“The pay officer of this vessel has been deprived of the services of a clerk for nine (9) months and further deprivation of such necessary aid will work to the detriment of the Government interests."

The offices of Navy pay clerks were created by section 1386, Revised Statutes, which provides :

“Paymasters of the fleet, paymasters on vessels having complements of more than one hundred and seventy-five persons, on supply steamers, store vessels, and receiving ships, paymasters at stations and at the Naval Academy, and paymasters detailed at stations as inspectors of provisions and clothing, shall each be allowed a clerk.” (See also secs. 1387 and 1388, Rev. Stat., and acts of Mar. 4, 1911, 36 Stat., 1265, and July 21, 1911, 37 Stat., 3.)

The offices thus created are peculiar ones. Their existence is dependent upon a pay officer becoming a pay officer in one of the capacities enumerated in section 1386. On his acquirement of that status he is entitled to "a clerk," and thereby one office of pay clerk automatically comes into existence, continues during his continuance in that status, and terminates automatically on his being divested of that status.

It is difficult to see how the pay officer of a supply ship, whose status under section 1386 entitles him to “a clerk," or creates only one office of pay clerk, is entitled to two pay clerks to that one office at the same time.

I do not feel justified in extending by construction the authority for the appointment and payment of pay clerks, and therefore, notwithstanding the apparent necessities of the situation, I must hold that pending the retirement of Pay Clerk Jones, or the issuance of orders revoking his appointment, the appointment and payment of another person for duty with Pay Officer Karker as pay officer of the Supply is unauthorized. To hold otherwise would amount to a virtual repeal of section 1386, for if a pay officer may have two pay clerks to the one office without any action revoking the appointment of either, it is not seen why he may not have any number of pay clerks attached to that office that the department may see fit to appoint, provided one only of them be in the performance of actual duty.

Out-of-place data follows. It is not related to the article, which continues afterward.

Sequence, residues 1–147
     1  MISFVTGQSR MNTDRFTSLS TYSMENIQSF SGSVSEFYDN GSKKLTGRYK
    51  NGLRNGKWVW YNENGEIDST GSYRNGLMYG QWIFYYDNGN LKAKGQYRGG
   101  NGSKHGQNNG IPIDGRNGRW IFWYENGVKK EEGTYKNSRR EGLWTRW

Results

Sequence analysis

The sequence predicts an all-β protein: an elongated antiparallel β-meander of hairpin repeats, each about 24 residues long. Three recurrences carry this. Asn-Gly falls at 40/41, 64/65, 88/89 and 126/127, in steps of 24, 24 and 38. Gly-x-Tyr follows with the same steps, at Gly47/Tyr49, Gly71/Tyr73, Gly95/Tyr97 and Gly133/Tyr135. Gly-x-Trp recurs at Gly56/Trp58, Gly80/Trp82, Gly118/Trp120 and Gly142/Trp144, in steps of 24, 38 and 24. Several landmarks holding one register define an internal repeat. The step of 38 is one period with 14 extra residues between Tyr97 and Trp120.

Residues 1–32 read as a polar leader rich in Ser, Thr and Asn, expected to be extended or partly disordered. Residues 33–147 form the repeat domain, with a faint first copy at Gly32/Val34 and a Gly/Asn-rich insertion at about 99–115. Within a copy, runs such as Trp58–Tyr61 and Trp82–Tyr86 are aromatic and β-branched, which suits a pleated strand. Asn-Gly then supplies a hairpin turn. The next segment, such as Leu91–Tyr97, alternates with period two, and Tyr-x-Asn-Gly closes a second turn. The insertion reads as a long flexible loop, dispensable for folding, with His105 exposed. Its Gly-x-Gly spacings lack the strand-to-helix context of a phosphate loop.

Shipments by the Government on its bill of lading are subject to the rates and

conditions applicable to the carrier's bill of lading. The notation “ Carrier's Risk” on the Government bill of lading, by long

usage, simply means that the shipment is made at the increased valuation provided therefor and subject to the corresponding rate.

Comptroller Downey to Secretary of War, February 28, 1914:

I have received, per your indorsement of the 18th instant, your request for a decision upon a question presented by the depot quarter

a master, Washington, D. C., per letter of February 8, 1914, as follows:

"1. I submit herewith inclosed a voucher stated in favor of the Baltimore & Ohio Railroad Co., amounting to $284.26, for transportation of 9,014 pounds household goods and professional books at carrier's risk, under B. L. No. 21, July 2, 1913, from San Francisco, Cal., to Washington, D. C., also inclosed.

“ 2. Settlement is offered on the basis of carload, 20.000 pounds, class A, as provided in Western Classification No. 51, page 171, item